Seventy-four percent of office workers use their work computer for personal tasks, the survey of nearly 530 Information Technology (IT) managers and end users at companies in North America, Britain and Europe found.
Fifteen percent do not use their work computers for personal purposes while 11 percent of the respondents preferred not to answer the question.
The survey was conducted September 17-31 by NewDiligence, an independent market research firm, for Belmont, California-based FaceTime Communications, a provider of Internet security solutions.
The survey looked at publicly traded and privately held firms, non-profits, government organizations and educational institutions. The margin of error was not published.
The most frequent personal use of a work PC was to send email to friends and family, followed by looking at Web sites (84 percent), banking and personal finance (68 percent) and shopping on the Web (57 percent), the survey found.
Fifty-seven percent use their work computer to listen to music or look at pictures and video while 44 percent use it for Instant Messaging (IM) chat with friends and family.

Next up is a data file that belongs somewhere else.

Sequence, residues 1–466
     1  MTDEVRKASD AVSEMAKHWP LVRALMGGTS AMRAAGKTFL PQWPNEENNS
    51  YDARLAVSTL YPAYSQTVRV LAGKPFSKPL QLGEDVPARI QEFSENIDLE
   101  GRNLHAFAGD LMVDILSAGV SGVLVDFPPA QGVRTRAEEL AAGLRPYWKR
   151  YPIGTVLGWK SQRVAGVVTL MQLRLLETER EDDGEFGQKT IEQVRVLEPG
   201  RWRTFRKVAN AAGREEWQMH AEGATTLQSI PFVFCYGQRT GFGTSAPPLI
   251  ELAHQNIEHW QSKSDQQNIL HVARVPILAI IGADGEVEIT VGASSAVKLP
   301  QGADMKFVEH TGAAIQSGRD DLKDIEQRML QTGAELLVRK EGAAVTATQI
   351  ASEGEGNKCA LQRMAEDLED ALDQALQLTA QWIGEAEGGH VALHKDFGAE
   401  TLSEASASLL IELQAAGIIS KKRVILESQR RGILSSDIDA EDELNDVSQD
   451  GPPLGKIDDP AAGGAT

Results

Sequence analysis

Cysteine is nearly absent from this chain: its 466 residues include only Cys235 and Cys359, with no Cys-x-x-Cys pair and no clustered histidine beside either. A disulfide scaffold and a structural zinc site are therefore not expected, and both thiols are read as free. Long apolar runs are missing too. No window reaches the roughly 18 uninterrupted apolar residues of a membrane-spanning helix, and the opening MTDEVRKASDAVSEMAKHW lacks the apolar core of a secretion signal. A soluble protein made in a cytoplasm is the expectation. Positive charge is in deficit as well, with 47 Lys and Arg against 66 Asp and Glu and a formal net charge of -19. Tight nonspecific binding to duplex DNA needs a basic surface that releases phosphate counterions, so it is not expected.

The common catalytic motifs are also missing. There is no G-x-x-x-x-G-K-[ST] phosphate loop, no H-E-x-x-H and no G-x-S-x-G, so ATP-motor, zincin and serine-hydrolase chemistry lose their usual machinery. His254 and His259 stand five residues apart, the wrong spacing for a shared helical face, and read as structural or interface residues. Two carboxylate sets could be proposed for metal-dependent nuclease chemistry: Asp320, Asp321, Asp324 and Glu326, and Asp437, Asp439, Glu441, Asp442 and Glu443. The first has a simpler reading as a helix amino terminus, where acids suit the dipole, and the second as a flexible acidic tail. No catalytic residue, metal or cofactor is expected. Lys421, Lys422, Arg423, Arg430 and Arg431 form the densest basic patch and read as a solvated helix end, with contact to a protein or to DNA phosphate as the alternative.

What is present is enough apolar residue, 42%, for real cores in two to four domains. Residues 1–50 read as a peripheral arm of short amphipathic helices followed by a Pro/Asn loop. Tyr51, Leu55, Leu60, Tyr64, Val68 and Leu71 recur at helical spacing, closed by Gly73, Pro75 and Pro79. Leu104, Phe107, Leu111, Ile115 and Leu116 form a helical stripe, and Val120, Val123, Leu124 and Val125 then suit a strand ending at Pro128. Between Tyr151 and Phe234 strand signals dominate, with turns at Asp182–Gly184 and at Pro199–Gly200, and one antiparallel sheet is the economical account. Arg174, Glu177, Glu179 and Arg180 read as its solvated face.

Thirty-two percent connect with friends through social network sites from their work computer and 20 percent update their social network profiles with photos and videos while at work.
Eight percent use their work computer to update their personal blog or comment on other blogs.
But if employees are using their work computers for personal activities they're also using their home computers for work, according to the study.
It found that 90 percent of employees own a PC and 85 percent use it for work reasons.
These include email (85 percent), loading documents brought home on a disc or flash drive (79 percent), or downloading documents from the corporate network (73 percent).
The survey also found that visits to social network sites while at work were not strictly personal.
Fifty-one percent of end users access social network or media sites such as Facebook, MySpace, LinkedIn or YouTube at least once a day and 79 percent do so for business reasons - professional networking, research or learning about colleagues.